How to Graciously End Conversations

How to Graciously End Conversations

 

By: Maralee McKee, Manners Mentor

How can you conclude every conversation on a high note?

How can you confirm for others that you’re a great conversationalist and someone they’ll be happy to talk to again, even if you don’t always (or ever!) feel that conversation is one of your strongest points?

How do you say goodbye and keep the doors wide open for future conversations?

Here you’ll find the four must-know skills you can use in every conversation. Whether you’re talking to a friend, a coworker, a potential client, or someone you’ve just met, these skills will never let you down! By putting these four simple, savvy, sincere tips into practice, you’ll make others glad they had the opportunity to talk with you and eager for your next conversation!

How to Graciously End Conversations

A few lulls in conversation are natural and shouldn’t make you feel you’re uninteresting or not keeping up your end of the banter. However, when the silences begin to seep into every few sentences, it’s time to be proactive and end the conversation in a way that leaves the other person still finding you as interesting as when the conversation began!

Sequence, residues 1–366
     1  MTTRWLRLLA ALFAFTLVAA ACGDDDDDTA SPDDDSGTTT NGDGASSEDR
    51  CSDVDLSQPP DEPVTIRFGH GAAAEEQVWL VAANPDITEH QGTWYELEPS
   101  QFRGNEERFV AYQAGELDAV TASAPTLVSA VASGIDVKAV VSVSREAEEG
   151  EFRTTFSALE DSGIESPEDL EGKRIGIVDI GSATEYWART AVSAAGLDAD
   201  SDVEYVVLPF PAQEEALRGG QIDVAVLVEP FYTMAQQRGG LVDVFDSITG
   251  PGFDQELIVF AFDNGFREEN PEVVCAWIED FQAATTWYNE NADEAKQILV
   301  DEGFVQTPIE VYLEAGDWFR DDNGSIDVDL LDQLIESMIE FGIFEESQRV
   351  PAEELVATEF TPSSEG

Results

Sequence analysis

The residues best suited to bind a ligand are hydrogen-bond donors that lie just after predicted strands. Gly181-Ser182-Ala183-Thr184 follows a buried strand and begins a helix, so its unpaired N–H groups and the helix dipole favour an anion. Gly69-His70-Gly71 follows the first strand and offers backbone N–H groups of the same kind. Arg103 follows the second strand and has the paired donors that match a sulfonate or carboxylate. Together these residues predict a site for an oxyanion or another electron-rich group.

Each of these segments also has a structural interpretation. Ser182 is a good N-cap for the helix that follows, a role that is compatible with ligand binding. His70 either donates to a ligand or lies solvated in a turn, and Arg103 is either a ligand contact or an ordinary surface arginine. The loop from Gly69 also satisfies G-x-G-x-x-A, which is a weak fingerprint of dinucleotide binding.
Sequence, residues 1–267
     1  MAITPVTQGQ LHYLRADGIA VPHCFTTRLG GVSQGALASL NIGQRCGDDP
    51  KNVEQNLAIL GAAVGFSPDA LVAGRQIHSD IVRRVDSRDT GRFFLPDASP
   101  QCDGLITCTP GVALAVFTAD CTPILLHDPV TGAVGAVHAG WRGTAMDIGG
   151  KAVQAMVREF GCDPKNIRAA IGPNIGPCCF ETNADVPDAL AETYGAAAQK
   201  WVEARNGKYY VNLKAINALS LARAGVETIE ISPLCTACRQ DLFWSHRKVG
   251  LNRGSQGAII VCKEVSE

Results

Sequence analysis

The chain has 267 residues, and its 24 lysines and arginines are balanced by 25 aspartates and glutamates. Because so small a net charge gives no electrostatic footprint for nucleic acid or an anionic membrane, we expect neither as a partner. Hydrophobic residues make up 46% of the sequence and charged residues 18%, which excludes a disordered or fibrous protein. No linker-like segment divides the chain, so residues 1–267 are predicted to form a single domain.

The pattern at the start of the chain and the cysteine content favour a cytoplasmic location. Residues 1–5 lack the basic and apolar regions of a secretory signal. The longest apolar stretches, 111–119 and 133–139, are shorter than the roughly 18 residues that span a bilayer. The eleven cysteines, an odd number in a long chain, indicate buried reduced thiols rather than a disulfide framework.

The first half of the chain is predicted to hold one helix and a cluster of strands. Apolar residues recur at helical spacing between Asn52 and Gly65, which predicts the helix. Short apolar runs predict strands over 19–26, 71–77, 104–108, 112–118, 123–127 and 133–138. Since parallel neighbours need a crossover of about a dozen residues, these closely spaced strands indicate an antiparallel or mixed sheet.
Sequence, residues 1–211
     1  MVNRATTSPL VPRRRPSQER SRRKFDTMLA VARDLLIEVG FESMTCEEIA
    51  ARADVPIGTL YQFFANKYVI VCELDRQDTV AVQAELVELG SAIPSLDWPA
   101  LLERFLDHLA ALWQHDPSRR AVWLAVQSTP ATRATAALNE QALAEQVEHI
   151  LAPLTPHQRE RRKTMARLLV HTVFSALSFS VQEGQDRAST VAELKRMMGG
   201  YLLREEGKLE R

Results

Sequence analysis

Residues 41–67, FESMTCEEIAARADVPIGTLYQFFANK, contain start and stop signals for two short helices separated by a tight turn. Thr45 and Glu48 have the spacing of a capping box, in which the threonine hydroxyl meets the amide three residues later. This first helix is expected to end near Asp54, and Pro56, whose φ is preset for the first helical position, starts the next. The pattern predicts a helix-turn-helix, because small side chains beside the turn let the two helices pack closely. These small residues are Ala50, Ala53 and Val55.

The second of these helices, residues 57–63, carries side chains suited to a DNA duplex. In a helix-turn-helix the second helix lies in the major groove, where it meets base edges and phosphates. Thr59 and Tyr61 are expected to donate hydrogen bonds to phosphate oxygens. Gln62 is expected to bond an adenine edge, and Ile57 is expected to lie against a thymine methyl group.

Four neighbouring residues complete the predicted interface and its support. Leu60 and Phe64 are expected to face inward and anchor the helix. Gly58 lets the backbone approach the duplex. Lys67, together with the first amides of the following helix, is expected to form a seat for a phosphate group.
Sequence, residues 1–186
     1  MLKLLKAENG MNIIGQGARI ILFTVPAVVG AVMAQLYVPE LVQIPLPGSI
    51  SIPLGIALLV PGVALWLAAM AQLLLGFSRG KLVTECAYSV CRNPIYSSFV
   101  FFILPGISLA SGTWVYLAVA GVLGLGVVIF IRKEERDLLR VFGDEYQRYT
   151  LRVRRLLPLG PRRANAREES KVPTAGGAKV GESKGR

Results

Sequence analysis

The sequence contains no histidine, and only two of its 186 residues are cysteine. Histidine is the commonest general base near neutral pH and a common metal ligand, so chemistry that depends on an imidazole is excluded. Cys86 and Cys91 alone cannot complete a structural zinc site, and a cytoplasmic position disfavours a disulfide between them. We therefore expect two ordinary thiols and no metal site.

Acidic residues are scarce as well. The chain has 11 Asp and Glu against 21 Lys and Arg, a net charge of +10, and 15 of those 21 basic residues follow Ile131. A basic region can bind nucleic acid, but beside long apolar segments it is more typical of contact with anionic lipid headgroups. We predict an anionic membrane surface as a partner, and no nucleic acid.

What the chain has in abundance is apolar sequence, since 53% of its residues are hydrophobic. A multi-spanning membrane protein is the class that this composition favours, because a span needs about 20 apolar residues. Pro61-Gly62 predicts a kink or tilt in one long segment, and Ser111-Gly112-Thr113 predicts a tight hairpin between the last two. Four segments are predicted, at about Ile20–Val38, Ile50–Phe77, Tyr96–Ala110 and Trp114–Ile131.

In the example below, I’ve used meeting someone for the first time, a mother at your child’s school. However, the four steps can be utilized in any conversation.

The Four Steps for Graciously Ending All Your Conversations

1. Restate something she said, or summarize the discussion. When possible, thank her for sharing some bit of information or news with you.

Why it’s gracious: It shows you’ve been actively listening and you’re interested in what she said. It also reveals any possible miscommunication so that anything that needs restating can be clarified.

As for thanking her, since we all appreciate knowing our words, information, or advice have been of benefit, you should take a moment to express your thanks verbally to show her she’s been able to impact you in a positive way (even if just in a little matter).